The Classification Code itself opens with the noble sentiment that "adults should be able to read, hear and see what they want." Below this are listed goals of protecting minors and all other consumers of media from exposure to offensive or disturbing material. Section (d) of the code specifically deals with "community concerns about depictions that condone or incite violence, particularly sexual violence; and the portrayal of persons in a demeaning manner."
There are six classifiable elements when analysing media such as a video game to determine what rating it should carry: violence, sex, language, drug use, themes, and nudity. Each is uniquely identified and evaluated to assess their impact and contextual use in the title's broader picture. Intensity and frequency also play a role and are used to measure an element against the acceptability of the MA15+ rating. Prolonging, repeating, drawing attention to, or encouraging interactivity in a game's scene may be perceived as increasing its impact to the player. This includes, but is not limited to, level of detail, close-ups, slow motion, lighting effects, perspective, and realism.
Duke Nukem 3D eventually made it to Aussie shelves after some content modifications.
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While the federal government makes decisions on the direction and specifications of these guidelines, it is the state and territory governments' role to ensure they are enforced. The National Classification Scheme took effect on January 1, 1996, as a result of recommendations made by the Law Reform Commission in 1991 with the goal of creating a nationwide approach to censorship.
The process of game classification is carried out by the OFLC using the National Classification Scheme and Classification Act as a framework on which to base its decisions. The Classification Review Board is a separate body responsible for the evaluation of decisions made by the OFLC including mediation of appeals by content submitters. Under section 5B of the Classification Act 1995, business, accounting, professional, scientific, and educational electronic titles are exempt from classification -- everything else (which is essentially just games) must go through classification.
In Australia, a process of self-regulation is in place, which means game publishers can effectively assign a classification rating to their own titles, with the OFLC rubber-stamping their decisions. There is a catch, however, as self-assessment can be carried out only on games which will receive G or PG ratings. Any game which could conceivably receive an M or MA15+ has to jump through more submission hoops.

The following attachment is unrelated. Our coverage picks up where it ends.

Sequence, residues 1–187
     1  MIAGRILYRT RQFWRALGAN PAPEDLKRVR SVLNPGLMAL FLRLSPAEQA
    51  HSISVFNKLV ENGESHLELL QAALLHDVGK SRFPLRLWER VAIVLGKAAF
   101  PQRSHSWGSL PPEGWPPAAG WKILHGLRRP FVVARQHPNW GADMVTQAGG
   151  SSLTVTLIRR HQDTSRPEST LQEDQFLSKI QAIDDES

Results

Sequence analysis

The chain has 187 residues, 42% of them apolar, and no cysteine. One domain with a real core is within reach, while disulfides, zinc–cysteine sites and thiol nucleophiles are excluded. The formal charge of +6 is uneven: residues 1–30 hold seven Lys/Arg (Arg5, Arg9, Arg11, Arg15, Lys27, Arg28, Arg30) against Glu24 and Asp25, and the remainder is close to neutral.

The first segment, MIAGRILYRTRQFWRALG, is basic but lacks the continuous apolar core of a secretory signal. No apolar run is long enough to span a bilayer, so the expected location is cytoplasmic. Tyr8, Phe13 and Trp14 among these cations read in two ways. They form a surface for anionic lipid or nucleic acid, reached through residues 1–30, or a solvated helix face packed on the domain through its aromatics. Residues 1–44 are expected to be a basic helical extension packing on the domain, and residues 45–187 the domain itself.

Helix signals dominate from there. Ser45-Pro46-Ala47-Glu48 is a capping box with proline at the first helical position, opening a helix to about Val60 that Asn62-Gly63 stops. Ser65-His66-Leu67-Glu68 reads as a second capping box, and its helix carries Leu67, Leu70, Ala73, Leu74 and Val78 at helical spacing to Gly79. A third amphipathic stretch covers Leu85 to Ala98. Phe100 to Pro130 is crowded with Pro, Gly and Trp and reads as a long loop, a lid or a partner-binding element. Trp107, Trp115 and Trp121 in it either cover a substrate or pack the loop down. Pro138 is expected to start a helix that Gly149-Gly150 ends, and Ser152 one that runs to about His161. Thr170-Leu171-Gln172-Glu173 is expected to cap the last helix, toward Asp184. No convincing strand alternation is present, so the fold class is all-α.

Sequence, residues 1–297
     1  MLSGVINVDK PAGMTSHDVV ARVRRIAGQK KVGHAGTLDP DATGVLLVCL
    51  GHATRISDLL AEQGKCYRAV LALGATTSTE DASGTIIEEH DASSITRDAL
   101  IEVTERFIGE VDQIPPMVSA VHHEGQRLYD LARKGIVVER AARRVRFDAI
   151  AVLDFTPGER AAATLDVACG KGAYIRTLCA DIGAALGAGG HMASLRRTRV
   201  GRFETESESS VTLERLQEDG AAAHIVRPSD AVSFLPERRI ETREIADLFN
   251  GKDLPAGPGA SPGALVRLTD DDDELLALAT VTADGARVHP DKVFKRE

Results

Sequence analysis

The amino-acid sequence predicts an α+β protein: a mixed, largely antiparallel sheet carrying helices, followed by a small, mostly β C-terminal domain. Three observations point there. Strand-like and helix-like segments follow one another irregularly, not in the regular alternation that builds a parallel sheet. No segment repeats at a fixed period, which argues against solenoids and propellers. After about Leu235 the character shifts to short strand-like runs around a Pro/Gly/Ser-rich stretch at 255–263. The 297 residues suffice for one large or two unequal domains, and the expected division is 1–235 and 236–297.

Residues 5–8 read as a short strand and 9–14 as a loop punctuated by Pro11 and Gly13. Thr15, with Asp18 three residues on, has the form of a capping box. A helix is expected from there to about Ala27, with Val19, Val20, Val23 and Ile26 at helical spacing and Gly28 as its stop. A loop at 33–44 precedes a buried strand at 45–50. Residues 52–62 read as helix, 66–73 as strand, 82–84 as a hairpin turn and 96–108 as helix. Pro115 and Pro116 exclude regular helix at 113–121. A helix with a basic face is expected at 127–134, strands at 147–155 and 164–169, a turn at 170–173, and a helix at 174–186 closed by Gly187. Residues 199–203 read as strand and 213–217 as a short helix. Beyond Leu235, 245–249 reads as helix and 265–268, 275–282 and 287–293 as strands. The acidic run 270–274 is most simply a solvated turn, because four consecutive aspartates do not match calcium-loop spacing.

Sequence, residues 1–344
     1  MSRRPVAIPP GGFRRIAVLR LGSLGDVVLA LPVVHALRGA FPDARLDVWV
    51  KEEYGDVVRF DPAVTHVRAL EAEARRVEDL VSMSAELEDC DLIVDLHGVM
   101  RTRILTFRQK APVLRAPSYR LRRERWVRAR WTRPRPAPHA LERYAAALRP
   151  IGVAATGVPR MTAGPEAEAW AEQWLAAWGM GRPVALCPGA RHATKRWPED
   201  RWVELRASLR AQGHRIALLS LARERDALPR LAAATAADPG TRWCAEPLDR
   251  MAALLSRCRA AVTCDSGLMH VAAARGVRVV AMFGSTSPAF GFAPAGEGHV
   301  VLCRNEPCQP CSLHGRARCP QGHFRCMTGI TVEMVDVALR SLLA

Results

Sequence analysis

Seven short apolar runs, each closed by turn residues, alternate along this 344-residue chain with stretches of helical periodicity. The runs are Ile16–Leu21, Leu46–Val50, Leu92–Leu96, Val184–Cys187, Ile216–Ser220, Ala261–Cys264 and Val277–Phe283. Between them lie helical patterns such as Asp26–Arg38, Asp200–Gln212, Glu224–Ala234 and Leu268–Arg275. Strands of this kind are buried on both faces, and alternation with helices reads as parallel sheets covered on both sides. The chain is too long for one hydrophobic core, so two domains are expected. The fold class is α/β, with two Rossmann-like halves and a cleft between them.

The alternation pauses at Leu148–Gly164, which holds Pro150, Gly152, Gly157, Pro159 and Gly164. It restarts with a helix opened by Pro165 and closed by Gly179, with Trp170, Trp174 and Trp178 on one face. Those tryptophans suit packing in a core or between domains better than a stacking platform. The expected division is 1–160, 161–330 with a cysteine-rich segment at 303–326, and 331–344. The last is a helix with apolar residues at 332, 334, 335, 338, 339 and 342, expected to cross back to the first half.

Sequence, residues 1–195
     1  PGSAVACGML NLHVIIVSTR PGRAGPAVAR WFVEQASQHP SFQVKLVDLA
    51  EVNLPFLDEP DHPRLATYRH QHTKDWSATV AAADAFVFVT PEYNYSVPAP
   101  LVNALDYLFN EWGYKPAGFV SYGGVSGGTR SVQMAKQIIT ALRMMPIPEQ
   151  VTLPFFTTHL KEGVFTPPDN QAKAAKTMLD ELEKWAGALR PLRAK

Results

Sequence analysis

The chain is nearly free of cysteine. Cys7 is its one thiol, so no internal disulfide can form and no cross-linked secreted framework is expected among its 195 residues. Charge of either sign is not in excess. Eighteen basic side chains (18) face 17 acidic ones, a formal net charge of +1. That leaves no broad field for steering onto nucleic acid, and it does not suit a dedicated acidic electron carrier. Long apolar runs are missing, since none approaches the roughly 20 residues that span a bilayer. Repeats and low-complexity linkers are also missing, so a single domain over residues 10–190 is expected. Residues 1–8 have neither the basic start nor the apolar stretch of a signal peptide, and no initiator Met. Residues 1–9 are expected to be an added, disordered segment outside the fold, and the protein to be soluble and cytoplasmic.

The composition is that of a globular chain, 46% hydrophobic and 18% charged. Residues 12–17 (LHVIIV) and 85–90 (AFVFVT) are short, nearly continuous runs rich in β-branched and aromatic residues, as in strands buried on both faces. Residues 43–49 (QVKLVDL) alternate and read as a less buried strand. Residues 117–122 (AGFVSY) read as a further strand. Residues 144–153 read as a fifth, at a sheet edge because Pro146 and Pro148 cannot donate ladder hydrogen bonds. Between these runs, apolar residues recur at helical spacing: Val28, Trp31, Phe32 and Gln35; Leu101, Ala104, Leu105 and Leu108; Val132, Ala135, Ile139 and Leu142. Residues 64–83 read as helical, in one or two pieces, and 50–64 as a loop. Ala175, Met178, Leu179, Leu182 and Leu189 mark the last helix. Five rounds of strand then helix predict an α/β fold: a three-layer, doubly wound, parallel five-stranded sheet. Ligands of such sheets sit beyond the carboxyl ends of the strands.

Submission is broken into two separate strands: submissions by Authorised Assessors and nonauthorised Assessors. Authorised Assessors are usually game distributor employees who complete a one-day training course outlining the requirements of games submitted to be classified. The Authorised Assessors pass their judgment on a title's impact to the director of the OFLC board where it's taken into account during rating. Games submitted by nonauthorised assessors -- those who have not completed the training -- carry a price premium on their submission. A text-only summary of a game for an unrestricted M game attracts a AU$2,040 fee. Adding a video of typical gameplay footage alongside your text will see the fee almost halved to AU$1,150. In comparison, Authorised Assessors are looking at either an AU$810 or AU$630 fee for their rating depending on whether they supply text or a text-and-video synopsis of their MA15+ game. Providing more material to help the board make a decision lowers the payable cost of submission. Lower-impact unrestricted M game submissions are cheaper still, and cost AU$430.
Demonstration of a game can be requested at any time by the OFLC at the submitter's expense. Live demonstrations cost AU$1,070, and although an OFLC representative could not confirm an exact figure on the number of demonstration requests made for games, they did tell us they were "infrequent" and reserved for game submissions at the top end of the MA15+ rating scale.